I was surprised that this problem turned out to be so subtle. Definitely something to think about as I move forward. I think I'm going to review a bit more about event handling and animation next, since I feel my grasp on how those work in Pygame is still pretty tenuous.

Thank you again for your help!

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I wonder why you call "self.land()" for every block in the block_hit_list in your first post.

In your second post, the code block at lines 16 to 20 can be simplified (and 22 to 26 too).

If you compare 16 vs 19, the only difference is the self.direction test. Lines 17 and 20 are the same, and then line 18 you correct self.direction if it is not what it should be.

Since assigning a value to a variable that it already has is not a problem, you can remove the self.direction test, and simply always assign, as in

if self.deltaX < 0:
self.deltaX = -self.movement_speed
self.direction = "L"

It does not matter what "self.direction" old value was, afterwards, it's always "L"

I also replaced "-1 * self.movement_speed" by "-self.movement_speed". Both are equivalent, just use what you like best.

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Alberth,

Apologies for the late reply. Busy at work as of late and I stopped to review and clean up my code a bit before I replied to this post.

I agree with you about self.land(), I was calling it too generically. I changed the call to only happen if the player collides with a platform along the y-axis and their deltaY is greater than 0. This should hopefully make self.update() a little less busy, although I realize the collision logic is still a bit broad (more on that below). Here's the new condition under which I call self.land():

def update(self):

# (more code above)

# Check for collisions (y-axis)
block_hit_list = pygame.sprite.spritecollide(self, self.level.platform_list, False)
for block in block_hit_list:

# Reset rect position based on the top/bottom of the object.
if self.deltaY > 0:
self.rect.bottom = block.rect.top
# DEBUG: Land only if character was falling when
#   collision occurred
self.land()
elif self.deltaY < 0:
self.rect.top = block.rect.bottom
# Cause character to start falling if they bump
#   their head on the bottom of a platform
self.stop_rising()

def stop_rising(self):
# Apply half of jump force in the opposite
#   y direction to deltaY to accelerate
#   the effect of gravity, resulting in
#   a short jump or a fall after bumping
#   against the bottom of a platform
self.deltaY += -0.5 * self.jump_force


stop_rising() was a method I wrote for use with my short jump logic, which was a surprisingly straightforward implementation -- I call player.jump(), count frames in main loop since jump keydown event happened, and call player.stop_rising() if jump keyup event gets polled within a certain number of frames elapsed since the keydown event(I semi-arbitrarily chose 10). I noticed my jump against the underside of low-height platforms was unintentionally floaty, so I added a stop_rising() call in the top->bottom collision logic to cause a sharp drop when the player "bumps their head".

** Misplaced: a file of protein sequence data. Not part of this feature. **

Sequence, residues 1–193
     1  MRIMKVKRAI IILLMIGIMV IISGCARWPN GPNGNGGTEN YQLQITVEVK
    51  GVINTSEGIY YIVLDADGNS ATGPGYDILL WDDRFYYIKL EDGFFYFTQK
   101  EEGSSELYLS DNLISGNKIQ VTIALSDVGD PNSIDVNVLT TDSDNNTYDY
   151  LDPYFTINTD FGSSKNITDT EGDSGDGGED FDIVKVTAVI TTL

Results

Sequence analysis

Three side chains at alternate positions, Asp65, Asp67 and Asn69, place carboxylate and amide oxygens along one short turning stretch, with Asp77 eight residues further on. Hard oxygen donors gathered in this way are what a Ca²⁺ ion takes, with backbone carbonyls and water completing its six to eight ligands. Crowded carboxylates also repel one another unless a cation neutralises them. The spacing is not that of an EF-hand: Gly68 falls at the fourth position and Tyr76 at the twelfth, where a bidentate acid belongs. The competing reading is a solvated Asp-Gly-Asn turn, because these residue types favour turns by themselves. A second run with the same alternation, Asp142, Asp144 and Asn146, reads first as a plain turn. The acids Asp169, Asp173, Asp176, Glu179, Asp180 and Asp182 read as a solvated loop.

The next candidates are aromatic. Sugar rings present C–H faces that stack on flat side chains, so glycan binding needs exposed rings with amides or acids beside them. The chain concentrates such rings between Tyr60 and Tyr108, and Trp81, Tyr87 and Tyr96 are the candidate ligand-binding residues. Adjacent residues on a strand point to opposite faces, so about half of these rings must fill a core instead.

I also changed the syntax in self.land() like you suggested. I was in a hurry the night I fixed it and wasn't sure how much of my logic was being redundant until I looked at it with fresh eyes. For adjusting the movement speed, I also think your syntax (-foo instead of -1 * foo) is better, because for switching between left and right movement, I will always just be adjusting that value by 1*foo or -1*foo instead of a different multiplier (like when I apply or adjust a proportion of my character's jump force to deltaY in self.stop_rising()). Closer to plain human language that way.

Much of the collision detection logic is a holdover from the tutorial code I was following (specifically, this tutorial by Paul Vincent Craven at http://programarcadegames.com/python_examples/en/sprite_sheets/). I'm not sure how/if I can improve on the for block in block_hit_list method (having gotten block_hit_list from a spritecollide() on the player and the level member's list of Sprite-extending platforms) he uses. The most obvious problem I can see at a glance is that colliding with overlapping/tiled platforms could result in a bunch of redundant (and expensive?) self.land() calls. However, I'm not sure yet how/if I might change the collision logic to limit self.land() calls beyond what I already have in place. I'll have to take another pass through collision logic to see exactly what I need and what I  don't need for my purposes.

If I have more questions about different problems with my project (not directly related to the topic in the top post), is it better to post in this same thread, or make a new thread for a new problem? I want to avoid forum spam as much as possible. (And of course I'll do a forum + Google search for similar problems before I make my own thread.)

Thank you again for your help.

EDIT: I see a potential solution to redundant collision generally suggested in the MDN collision detection tutorial here:
https://developer.mozilla.org/en-US/docs/Games/Techniques/2D_collision_detection

I'll start looking at how to accomplish broad vs narrow phases in Pygame.

Edited by benreed